The Queensland Government has increased financial assistance under the Zero Emission Vehicle Rebate Scheme, which will see eligible households access a $6,000 rebate when purchasing a new electric vehicle (EV).

The new eligibility requirements will see an increased rebate available to Queenslanders under the Zero Emission Vehicle Rebate Scheme, opening the door for more accessible and affordable EVs. 

The scheme was initially launched on 1 July 2022, the enhanced measures will ensure more Queenslanders and businesses are able to access an even greater range of EVs at better prices than ever before.

These new changes will serve to close the affordability gap through the provision of up-front financial assistance to buy an EV and reduce rising transport and energy costs impacting households.

Importantly, the scheme will also help bolster the second-hand EV market long term, making EVs more affordable to all Queenslanders. Currently, at least 23 EV models are available for purchase under $68,000. It’s anticipated seven more will be added at this price point by the end of 2023.

The rebate changes include:

  • An increase to the rebate from $3,000 to $6,000 for eligible households earning up to a total gross household income of $180,000 per year
  • Applicants who have already applied and received a $3,000 rebate under the earlier scheme, and who are under the total gross income threshold, are eligible for reassessment and additional payment of $3,000 rebate (totalling $6,000 per eligible application)
  • An increase to the eligibility threshold for vehicles, which will now exclude dealer delivery fees from determining ‘dutiable value’ from $58,000 to $68,000 (inc. GST)

Queensland Minister for Energy, Renewables and Hydrogen, Mick de Brenni, said, “We’re seeing the prices of EVs fluctuate on the back of rising materials costs and inflation left by the Morrison Government, so we’ve increased the eligible price cap to $68,000, and increased the rebate amount from $3,000 to $6,000 for eligible households.

“This is about making EVs more affordable and more accessible to all Queenslanders to slash emissions and act on climate change with cleaner technology.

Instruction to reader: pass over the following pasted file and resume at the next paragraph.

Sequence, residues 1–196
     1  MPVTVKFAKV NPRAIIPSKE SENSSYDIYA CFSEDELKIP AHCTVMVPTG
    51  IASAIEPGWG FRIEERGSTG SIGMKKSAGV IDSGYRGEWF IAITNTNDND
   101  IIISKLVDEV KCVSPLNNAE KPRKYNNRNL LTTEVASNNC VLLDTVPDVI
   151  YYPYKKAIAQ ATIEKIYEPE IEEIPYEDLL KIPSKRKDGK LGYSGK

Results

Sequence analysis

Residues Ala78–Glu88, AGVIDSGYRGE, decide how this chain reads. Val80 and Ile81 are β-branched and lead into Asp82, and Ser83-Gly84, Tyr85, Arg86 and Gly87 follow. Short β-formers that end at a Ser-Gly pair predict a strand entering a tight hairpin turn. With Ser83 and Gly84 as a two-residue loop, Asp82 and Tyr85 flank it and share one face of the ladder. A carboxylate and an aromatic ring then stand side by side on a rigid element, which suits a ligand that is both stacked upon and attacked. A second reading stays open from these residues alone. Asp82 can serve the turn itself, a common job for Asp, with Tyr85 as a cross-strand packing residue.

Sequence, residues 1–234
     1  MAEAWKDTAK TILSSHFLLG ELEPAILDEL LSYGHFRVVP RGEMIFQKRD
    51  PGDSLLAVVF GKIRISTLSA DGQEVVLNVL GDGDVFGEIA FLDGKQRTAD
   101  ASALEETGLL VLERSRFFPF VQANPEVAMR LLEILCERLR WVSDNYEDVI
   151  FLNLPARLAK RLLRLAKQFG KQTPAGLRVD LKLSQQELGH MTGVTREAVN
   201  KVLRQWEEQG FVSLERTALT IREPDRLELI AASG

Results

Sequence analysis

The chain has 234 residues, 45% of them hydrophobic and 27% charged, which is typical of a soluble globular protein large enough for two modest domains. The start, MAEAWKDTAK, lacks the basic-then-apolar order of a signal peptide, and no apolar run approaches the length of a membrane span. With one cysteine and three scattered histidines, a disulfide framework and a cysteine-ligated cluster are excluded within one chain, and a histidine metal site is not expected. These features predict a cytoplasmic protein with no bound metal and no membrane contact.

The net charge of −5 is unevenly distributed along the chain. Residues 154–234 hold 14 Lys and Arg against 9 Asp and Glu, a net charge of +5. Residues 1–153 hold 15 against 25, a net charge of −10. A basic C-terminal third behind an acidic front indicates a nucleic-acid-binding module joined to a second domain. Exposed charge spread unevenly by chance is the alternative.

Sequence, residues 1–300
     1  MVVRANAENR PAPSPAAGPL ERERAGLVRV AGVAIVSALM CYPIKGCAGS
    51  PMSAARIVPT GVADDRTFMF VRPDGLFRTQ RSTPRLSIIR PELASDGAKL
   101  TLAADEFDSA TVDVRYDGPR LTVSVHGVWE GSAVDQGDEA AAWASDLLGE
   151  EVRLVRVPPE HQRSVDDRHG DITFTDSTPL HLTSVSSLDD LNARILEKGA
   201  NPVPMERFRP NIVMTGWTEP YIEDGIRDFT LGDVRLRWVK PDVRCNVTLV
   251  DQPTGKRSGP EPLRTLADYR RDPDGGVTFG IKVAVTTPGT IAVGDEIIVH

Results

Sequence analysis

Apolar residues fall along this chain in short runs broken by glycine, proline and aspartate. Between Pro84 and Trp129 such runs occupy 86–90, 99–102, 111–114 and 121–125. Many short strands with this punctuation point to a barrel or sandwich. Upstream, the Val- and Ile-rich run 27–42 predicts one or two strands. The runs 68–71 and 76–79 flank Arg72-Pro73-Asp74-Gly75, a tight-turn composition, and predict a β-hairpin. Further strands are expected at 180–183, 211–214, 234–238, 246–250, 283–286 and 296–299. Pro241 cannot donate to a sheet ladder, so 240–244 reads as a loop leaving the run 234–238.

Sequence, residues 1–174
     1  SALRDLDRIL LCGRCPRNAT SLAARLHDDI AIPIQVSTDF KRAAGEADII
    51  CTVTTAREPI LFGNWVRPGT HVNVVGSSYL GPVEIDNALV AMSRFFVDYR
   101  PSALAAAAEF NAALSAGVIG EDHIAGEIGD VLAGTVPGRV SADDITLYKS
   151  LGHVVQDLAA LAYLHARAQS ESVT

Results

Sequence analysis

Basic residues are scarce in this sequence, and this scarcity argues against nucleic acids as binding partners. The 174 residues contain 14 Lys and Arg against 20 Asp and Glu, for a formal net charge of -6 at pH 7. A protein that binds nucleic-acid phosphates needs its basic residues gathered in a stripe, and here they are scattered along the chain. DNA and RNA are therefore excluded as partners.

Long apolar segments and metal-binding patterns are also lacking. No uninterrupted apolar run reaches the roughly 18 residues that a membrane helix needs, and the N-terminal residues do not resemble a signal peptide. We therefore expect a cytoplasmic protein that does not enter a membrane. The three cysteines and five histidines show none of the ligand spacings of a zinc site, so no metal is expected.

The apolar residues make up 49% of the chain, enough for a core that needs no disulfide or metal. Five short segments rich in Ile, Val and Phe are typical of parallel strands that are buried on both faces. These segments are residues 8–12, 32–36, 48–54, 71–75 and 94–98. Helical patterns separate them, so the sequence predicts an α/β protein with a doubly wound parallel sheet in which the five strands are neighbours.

“We want more zero emission vehicles on Queensland roads with Queensland families to have access to cheaper and cleaner vehicles.

“We are committed to reducing the cost-of-living pressures of high petrol prices.”

Mr de Brenni said he was speaking to someone who powers their EV with solar from their home, it costs them $14.50 to drive almost 4,000km, comparably, the cost of driving a petrol-powered car would be at least 30 times this.

“We also want to see fleets transition to further drive down emissions. That’s why Queensland businesses can apply for up to five rebates per financial year, providing an opportunity for local businesses to make the switch to electric fleets,” Mr de Brenni said.

“This is an opportunity for Queensland businesses to step up and contribute to emissions reduction through transitioning their fleet operations.

“The scheme has already proven popular, and we anticipate this will increase further with the higher threshold and rebate amount.”

The CSIRO predicts households that electrify completely by 2030 will spend $30,000 less in 20 years compared to their neighbour who doesn’t electrify.

The Queensland Government has committed $45 million over three years as a part of the Zero Emission Vehicle Strategy 2022-2032 (ZEV Strategy) and Action Plan 2022-2024.

Feature image provided by Queensland Government.

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